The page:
SPRINGERVILLE, Ariz. (AP) - Springerville, Ariz. resident Wink Crigler says, "I've never in my life seen anything like this."
Eastern Arizona's 639 square-mile forest fire is getting close to her ranch, but Crigler says she's staying put because she has animals to feed. She says she has a watering system that keeps the ground wet.
Some 10,000 residents have fled Arizona's second largest fire in the state's history, but officials are worried about the firefighters and the residents who've stayed. The tiny particles of soot in the air have reached levels that could seriously affect their health.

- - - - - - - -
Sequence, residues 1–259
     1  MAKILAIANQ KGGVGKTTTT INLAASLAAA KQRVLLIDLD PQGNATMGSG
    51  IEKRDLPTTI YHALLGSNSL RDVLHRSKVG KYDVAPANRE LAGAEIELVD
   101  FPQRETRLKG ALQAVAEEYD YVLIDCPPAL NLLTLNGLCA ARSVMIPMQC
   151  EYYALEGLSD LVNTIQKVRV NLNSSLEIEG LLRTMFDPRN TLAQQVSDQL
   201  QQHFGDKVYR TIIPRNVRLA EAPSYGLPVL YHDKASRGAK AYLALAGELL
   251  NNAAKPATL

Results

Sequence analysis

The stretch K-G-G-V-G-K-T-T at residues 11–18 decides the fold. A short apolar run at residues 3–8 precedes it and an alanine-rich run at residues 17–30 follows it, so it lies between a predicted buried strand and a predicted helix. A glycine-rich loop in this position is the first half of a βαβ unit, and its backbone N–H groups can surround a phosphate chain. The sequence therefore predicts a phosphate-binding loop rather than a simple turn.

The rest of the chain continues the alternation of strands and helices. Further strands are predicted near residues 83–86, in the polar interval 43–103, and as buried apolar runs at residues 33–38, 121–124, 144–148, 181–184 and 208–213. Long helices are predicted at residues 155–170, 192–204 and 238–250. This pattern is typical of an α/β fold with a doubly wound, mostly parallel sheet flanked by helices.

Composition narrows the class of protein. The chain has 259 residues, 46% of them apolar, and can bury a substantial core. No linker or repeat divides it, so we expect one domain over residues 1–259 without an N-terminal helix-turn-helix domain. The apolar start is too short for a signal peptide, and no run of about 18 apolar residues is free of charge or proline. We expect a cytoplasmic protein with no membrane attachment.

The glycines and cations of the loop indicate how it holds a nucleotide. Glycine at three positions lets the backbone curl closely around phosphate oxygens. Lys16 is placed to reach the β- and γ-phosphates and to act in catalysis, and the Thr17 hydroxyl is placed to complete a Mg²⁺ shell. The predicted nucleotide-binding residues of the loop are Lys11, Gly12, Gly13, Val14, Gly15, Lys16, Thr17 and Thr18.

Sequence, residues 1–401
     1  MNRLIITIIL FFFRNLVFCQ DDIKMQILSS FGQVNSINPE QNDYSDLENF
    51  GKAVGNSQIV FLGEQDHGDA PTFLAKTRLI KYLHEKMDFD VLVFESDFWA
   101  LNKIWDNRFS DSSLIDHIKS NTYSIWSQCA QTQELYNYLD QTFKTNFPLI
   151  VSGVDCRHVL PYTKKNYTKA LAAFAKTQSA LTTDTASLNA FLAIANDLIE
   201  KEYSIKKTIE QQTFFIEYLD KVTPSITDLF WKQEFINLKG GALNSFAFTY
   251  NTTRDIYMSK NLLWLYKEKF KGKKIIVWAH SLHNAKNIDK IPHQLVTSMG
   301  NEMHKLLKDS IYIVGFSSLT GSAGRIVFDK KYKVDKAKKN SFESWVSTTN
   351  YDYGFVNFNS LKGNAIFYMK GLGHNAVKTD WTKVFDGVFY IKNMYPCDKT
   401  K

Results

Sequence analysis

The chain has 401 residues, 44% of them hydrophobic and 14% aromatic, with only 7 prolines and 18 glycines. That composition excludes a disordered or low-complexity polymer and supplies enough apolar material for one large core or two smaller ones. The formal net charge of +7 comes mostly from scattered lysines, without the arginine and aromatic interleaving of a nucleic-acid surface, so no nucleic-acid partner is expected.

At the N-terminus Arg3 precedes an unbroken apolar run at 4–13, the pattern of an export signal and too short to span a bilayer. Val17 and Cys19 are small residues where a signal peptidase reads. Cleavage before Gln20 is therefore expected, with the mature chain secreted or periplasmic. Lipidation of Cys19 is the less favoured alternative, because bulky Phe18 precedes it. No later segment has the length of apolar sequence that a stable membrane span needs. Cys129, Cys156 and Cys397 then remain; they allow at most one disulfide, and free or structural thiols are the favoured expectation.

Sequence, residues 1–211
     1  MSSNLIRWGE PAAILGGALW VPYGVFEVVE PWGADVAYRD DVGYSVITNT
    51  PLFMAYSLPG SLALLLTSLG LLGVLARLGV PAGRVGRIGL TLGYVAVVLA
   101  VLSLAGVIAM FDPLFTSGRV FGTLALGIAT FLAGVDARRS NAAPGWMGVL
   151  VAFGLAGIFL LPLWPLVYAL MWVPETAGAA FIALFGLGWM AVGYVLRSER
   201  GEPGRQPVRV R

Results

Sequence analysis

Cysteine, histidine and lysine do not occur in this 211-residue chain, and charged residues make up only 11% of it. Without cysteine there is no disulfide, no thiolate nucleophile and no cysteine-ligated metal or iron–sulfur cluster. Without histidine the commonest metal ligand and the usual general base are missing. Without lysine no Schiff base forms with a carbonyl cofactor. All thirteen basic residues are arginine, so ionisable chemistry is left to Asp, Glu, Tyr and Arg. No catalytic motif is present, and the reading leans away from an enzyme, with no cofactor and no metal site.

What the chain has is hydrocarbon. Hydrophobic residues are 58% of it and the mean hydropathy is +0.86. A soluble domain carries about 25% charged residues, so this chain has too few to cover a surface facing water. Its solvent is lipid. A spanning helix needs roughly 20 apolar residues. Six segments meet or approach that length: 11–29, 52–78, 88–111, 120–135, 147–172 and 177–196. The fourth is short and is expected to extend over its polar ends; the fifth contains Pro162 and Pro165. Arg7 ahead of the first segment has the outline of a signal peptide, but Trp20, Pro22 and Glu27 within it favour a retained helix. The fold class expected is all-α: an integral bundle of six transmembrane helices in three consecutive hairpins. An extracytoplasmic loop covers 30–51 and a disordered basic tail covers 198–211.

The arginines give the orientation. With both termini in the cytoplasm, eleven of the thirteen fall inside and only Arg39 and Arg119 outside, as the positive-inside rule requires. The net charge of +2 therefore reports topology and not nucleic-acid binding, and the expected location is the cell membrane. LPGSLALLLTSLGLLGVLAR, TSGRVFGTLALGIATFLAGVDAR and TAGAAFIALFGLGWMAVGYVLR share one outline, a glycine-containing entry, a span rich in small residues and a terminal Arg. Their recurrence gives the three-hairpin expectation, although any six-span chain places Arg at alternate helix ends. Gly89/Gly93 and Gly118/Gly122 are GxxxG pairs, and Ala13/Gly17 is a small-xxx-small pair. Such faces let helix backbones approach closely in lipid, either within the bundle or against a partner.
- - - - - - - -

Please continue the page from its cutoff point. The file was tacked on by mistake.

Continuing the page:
Calmer winds have helped firefighters gain some ground, but the blaze is getting closer to the New Mexico state line and stronger winds are in the forecast. Firefighters say the fire could cross into New Mexico sometime today, endangering two major power lines that bring electricity from Arizona to West Texas.
Crigler, who's watching the fire from a window in her home, says all she can do right now is sit tight and hope for a summer rain season that comes soon.